Three years ago I noticed I was not hearing well through my stethoscope. I decided to try an in-line analog amplifier that would work with my standard stethoscope. I was pleased with the result.
Explore This IssueACEP Now: Vol 39 – No 08 – August 2020
Unfortunately, over time my hearing continued to deteriorate. I often asked patients and nurses to repeat themselves or speak loudly. I could hear people speak but not understand the words. People speaking behind me thought I was ignoring them. I needed to turn up the volume on the radio and TV, and I found hearing my cell phone challenging.
I made an appointment with an audiologist, and she performed an audiogram. The audiogram showed high-end hearing loss, and she recommended hearing aids. We talked about my work environment and stethoscope use and made a plan. I now wear behind-the-ear hearing aids with a fenestrated dome, which allows me to continue using my same amplified stethoscope. My hearing is greatly improved, and I rarely ask people to repeat themselves.
This approach worked for me, but everyone is different. Below, I discuss the various considerations and options in stethoscopes and hearing aids.
Keep in Mind
When thinking about stethoscope solutions, we first must understand that many heart, lung, and bowel sounds are low-frequency signals, and many current hearing aids don’t provide amplification of those frequencies. Therefore, it may not help you to send the stethoscope signal through certain hearing aids.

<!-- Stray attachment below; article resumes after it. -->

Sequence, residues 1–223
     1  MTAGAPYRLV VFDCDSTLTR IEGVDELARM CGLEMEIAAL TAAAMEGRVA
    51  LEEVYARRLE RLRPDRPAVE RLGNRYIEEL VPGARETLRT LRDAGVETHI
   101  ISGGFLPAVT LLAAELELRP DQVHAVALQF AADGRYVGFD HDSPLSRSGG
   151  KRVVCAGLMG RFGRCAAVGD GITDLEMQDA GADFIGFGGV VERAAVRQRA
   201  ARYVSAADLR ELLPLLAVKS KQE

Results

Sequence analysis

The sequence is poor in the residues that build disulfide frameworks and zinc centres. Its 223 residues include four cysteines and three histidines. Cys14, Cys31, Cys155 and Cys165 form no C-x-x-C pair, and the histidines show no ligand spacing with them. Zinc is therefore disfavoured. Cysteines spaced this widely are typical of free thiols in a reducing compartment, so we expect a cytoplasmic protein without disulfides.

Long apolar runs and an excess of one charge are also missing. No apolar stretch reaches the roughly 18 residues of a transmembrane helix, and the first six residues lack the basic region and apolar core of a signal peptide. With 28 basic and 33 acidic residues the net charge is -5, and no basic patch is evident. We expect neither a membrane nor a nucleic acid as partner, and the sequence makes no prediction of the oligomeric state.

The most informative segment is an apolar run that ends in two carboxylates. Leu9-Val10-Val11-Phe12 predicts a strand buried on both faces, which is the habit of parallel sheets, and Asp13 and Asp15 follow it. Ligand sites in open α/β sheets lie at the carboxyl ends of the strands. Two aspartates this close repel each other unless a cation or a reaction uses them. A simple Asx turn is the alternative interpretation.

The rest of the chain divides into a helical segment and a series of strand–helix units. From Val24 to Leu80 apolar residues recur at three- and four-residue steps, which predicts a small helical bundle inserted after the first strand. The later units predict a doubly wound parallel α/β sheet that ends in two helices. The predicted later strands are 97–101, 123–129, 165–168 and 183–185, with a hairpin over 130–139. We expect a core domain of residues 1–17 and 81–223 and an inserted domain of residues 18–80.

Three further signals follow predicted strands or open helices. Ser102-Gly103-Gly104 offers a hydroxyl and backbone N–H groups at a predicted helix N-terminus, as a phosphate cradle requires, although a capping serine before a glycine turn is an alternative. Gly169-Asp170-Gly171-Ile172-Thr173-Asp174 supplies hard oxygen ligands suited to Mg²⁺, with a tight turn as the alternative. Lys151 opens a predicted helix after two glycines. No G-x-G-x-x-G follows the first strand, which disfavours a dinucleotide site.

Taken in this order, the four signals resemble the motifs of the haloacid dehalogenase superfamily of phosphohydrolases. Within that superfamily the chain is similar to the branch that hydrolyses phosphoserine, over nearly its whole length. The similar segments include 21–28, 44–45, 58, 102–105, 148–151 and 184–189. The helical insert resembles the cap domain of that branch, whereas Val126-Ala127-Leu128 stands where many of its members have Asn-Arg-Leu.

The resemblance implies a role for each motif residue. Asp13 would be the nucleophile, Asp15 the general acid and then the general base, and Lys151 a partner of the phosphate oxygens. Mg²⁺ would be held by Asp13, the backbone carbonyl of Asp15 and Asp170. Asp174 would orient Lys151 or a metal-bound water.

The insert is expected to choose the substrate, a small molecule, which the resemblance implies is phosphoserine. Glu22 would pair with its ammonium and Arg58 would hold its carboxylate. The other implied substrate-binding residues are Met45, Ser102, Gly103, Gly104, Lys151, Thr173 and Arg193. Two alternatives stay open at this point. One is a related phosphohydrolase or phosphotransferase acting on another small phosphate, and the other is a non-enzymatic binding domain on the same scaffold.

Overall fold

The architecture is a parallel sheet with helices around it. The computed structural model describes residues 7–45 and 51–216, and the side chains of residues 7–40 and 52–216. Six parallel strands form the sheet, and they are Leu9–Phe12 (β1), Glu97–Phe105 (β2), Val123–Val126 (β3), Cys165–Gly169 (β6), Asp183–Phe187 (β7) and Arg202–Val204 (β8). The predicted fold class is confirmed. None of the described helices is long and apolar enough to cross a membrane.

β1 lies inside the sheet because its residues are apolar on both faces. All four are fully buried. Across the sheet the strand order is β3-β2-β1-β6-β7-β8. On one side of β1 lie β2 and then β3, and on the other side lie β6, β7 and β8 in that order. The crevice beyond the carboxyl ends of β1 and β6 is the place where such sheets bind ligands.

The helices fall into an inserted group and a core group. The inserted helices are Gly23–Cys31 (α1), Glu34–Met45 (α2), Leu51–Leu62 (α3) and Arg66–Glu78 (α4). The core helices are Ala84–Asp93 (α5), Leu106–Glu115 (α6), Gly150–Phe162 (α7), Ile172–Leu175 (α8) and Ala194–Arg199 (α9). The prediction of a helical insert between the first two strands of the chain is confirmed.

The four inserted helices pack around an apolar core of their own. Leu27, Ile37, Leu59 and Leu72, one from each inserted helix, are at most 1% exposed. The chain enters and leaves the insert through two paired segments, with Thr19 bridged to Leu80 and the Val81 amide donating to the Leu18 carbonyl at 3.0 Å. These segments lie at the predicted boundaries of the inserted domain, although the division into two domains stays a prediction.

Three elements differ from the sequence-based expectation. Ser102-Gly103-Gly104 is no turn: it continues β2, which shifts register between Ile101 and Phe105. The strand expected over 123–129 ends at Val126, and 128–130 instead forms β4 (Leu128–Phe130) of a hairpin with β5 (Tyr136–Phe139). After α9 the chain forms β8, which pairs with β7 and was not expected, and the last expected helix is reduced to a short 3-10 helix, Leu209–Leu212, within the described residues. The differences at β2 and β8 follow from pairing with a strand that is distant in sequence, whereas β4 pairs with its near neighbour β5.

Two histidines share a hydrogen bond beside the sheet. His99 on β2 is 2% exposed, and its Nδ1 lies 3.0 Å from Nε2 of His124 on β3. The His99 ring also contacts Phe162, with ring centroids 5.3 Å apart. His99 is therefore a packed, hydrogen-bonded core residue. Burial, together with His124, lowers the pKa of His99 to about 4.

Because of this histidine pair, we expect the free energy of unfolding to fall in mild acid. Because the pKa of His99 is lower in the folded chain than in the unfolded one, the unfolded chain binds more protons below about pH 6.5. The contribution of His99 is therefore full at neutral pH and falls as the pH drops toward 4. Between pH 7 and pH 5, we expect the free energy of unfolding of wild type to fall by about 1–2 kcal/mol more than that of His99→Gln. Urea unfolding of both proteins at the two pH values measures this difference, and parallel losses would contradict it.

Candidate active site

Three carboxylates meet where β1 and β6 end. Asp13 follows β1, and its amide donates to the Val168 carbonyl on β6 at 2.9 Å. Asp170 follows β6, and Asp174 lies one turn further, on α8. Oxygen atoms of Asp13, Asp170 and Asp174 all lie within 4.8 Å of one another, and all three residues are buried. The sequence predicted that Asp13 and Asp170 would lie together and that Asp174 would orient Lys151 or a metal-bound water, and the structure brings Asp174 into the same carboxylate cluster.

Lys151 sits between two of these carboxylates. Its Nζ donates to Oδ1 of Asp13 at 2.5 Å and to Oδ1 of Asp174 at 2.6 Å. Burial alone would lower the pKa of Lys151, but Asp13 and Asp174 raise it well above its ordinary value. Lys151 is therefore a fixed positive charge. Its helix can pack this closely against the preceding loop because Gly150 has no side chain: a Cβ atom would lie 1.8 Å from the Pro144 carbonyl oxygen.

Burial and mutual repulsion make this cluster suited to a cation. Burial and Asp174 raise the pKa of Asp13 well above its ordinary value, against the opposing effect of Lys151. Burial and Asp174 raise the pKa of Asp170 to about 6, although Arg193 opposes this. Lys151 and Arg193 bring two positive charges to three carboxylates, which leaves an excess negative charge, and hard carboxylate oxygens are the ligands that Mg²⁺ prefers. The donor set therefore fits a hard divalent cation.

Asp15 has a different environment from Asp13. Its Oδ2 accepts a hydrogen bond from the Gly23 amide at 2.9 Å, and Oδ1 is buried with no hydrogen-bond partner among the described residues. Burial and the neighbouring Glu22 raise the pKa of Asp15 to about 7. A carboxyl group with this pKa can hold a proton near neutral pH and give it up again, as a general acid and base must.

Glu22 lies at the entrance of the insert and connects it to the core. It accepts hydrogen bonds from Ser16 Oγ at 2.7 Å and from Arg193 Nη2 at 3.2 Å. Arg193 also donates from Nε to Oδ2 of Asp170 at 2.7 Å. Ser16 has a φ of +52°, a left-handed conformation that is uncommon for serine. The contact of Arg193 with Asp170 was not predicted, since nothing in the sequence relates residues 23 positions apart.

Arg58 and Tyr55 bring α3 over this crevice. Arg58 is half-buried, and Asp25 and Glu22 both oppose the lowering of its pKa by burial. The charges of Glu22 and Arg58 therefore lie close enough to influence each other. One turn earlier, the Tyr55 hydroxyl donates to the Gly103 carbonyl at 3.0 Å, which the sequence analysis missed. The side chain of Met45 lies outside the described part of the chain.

The good news: Most individuals with hearing loss retain hearing in the low frequencies. Those individuals can use open-fit hearing aids, which leave the ear canal largely open allowing low-frequency sounds to come in naturally. With such hearing aids, you can route the stethoscope signal past them.
Keep in mind that when an individual with normal hearing uses a stethoscope, their ears are blocked and their listening is focused on the stethoscope’s sounds. In contrast, when using a stethoscope with hearing aids, the hearing aid microphone remains on while you listen to the stethoscope. This may prove distracting because the sounds in the room will continue to be amplified through the hearing aids. If it is distracting, the audiologist can create a hearing aid program in which the microphones can be turned off at the hearing aid or remotely prior to using the stethoscope.
Last but not least, remember that if you do or will wear hearing aids, the goal is always to leave them in place. Removing and replacing hearing aids with each use of the stethoscope is not realistic.